British Airways To Allow Electronics Use During Take-Off And Landing

British Airways claims to be the first airline to take advantage of European ruling

From today, British Airways (BA) passengers will be able to use personal electronic devices such as smartphones, tablets and e-readers during taxiing, take-off and landing, claiming to be the first European airline to take advantage of a recent ruling by the European Aviation Safety Agency (EASA).

The EASA said last month that some electronics are safe to use throughout a flight, so long as “flight mode” is enabled, but the ruling does not cover bulkier items such as laptops.

In-flight electronics

British Airways Red ArrowsThe agency’s ruling brought Europe in-line with the US, which has allowed passengers to use smaller electronic items since November. BA still had to seek permission from the UK’s Civil Aviation Authority (CAA), but it was able to convince the regulator that the changes will comply with all existing safety rules and regulations.

“We know that our customers want to use their handheld electronic devices more, so this will be very welcome news for them,” says Captain Ian Pringle, British Airways’ flight training manager. “The easing of restrictions will provide an average of 30 minutes additional personal screen time. With around 300 people on a long-haul flight that will mean a combined total of approximately 150 hours extra viewing, reading or working.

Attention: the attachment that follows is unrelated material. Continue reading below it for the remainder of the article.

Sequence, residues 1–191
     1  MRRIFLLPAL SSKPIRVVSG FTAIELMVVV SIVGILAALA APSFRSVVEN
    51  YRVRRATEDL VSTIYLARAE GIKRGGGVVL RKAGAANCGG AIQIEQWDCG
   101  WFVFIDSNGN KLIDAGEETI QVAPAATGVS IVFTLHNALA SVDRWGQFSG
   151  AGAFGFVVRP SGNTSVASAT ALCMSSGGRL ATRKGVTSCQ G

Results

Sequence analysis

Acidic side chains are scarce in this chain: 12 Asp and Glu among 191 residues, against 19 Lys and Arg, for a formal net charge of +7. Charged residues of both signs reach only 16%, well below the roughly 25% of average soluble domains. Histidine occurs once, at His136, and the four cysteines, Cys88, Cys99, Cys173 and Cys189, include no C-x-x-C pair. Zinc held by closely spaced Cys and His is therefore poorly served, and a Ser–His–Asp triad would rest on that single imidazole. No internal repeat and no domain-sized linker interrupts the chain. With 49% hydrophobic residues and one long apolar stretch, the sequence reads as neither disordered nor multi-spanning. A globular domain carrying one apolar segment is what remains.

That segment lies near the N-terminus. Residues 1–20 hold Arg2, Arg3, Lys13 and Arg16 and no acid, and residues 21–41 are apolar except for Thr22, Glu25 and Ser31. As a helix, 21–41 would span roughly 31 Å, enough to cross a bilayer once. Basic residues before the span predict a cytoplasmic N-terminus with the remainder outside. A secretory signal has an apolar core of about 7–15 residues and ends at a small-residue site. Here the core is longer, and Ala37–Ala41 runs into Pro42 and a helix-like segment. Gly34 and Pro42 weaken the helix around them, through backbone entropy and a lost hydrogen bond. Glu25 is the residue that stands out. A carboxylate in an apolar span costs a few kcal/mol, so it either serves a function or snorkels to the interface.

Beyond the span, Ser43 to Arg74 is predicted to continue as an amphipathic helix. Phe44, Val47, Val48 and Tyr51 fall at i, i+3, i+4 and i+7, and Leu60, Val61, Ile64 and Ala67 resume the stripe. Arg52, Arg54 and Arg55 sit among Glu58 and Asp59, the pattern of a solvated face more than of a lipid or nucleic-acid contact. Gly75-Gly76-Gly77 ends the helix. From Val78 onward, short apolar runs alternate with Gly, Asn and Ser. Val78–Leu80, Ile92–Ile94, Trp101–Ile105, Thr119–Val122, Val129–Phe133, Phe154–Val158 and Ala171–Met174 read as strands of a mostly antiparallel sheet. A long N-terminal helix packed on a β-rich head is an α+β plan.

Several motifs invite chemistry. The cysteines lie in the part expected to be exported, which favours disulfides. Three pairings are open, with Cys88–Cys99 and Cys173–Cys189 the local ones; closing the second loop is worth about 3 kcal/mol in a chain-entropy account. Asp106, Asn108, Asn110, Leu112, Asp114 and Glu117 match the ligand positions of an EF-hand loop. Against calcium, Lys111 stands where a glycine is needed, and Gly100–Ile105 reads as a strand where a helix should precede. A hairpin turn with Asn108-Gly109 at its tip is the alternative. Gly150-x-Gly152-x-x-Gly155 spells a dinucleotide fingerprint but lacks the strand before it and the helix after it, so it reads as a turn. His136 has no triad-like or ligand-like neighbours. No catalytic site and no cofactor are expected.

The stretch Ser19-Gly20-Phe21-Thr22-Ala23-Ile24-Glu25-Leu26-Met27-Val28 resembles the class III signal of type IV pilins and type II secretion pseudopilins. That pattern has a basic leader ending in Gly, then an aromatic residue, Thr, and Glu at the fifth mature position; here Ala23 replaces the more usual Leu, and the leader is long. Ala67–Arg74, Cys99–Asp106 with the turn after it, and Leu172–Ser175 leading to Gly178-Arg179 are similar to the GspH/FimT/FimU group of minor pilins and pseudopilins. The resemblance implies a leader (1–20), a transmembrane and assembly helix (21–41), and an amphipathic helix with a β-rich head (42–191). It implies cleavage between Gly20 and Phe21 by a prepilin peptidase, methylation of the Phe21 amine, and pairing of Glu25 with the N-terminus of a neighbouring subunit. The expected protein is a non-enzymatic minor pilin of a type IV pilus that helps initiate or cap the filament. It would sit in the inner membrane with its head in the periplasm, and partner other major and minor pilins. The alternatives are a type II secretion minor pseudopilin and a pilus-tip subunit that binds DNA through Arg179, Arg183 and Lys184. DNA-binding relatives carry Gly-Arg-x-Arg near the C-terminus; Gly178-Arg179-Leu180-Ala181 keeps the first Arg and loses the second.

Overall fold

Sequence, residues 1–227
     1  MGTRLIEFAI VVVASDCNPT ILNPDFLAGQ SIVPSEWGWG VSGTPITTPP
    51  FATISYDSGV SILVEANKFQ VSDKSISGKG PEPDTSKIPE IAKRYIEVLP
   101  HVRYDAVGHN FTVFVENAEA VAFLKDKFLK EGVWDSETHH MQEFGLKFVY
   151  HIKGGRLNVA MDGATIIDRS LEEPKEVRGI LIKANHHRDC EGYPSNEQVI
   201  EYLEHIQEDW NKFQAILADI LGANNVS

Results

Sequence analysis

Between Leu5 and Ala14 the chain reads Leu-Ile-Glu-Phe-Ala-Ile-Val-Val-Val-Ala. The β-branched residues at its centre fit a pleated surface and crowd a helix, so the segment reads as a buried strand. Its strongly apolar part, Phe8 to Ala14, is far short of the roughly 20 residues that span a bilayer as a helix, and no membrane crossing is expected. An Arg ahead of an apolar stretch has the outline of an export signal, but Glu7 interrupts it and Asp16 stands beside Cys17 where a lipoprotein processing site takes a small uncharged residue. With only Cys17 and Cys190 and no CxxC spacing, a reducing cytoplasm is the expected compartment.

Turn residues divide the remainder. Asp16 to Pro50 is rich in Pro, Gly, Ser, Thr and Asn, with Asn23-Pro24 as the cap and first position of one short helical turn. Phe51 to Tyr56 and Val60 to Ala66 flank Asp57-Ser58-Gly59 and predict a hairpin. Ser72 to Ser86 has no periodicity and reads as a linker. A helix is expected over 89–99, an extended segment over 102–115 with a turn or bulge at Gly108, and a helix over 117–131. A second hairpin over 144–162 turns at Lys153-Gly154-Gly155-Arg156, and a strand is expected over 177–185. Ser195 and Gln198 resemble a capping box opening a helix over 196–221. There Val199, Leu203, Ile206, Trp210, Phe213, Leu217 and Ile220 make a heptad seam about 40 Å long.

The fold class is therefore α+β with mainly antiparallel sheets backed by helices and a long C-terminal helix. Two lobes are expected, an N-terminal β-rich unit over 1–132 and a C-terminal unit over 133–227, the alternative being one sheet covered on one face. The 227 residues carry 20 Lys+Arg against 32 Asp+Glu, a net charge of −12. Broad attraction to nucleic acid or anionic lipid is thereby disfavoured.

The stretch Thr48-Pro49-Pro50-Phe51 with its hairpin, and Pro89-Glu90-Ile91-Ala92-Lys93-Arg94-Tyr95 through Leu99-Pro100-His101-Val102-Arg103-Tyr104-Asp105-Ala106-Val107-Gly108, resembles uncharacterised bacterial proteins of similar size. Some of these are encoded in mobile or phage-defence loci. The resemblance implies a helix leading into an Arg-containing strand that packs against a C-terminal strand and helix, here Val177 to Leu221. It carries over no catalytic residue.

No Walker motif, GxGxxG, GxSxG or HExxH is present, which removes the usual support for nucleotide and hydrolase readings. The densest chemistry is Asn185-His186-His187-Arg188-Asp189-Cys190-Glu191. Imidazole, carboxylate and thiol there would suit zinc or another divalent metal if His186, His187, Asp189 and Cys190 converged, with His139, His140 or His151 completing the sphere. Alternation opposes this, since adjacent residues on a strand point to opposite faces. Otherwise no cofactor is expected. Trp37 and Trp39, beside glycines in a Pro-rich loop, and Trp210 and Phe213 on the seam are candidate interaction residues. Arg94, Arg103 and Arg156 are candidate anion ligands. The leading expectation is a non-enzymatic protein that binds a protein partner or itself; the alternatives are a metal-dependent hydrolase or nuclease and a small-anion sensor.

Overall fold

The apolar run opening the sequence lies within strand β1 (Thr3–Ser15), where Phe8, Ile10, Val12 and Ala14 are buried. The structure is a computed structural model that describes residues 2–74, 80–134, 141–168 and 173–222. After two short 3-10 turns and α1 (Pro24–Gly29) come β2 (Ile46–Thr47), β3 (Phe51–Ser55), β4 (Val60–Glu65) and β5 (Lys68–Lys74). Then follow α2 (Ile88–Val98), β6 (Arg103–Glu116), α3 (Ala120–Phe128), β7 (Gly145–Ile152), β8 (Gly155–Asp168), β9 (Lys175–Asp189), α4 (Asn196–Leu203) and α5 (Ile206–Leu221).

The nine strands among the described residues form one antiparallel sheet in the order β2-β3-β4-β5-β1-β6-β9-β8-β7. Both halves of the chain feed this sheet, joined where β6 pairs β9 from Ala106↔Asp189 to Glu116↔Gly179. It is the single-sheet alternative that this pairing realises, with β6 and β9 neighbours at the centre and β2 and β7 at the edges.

“We are incredibly pleased to be the first airline in Europe to introduce these changes which will be of great benefit to our customers on any British Airways flight anywhere in the world.”

Future phone calls?

Passengers are still prohibited from using their mobile phones in-flight through 3G and 4G connections, but the European Commission (EC) says it sees no reason why they shouldn’t be able to use them on on-board small cell services, once the aircraft has reached an altitude in excess of 3,000 metres.

The Commission approved the use of 2G services in 2008, and there are currently 200 European aircraft equipped with the functionality, although GSM networks are impractical for sending large amounts of data. It will be up to airlines to choose whether or not to offer 3G and 4G to customers, and whether they will offer voice, SMS or data services.

Last year, Virgin Atlantic announced plans to let passengers make in-flight phone calls, send texts and access the mobile Internet. Industry services indicate that SMS and email are of greater interest to passengers than voice, although research by flight comparison website Skyscanner suggests that 86 percent of flyers are against the use of in-flight mobile phone use altogether.

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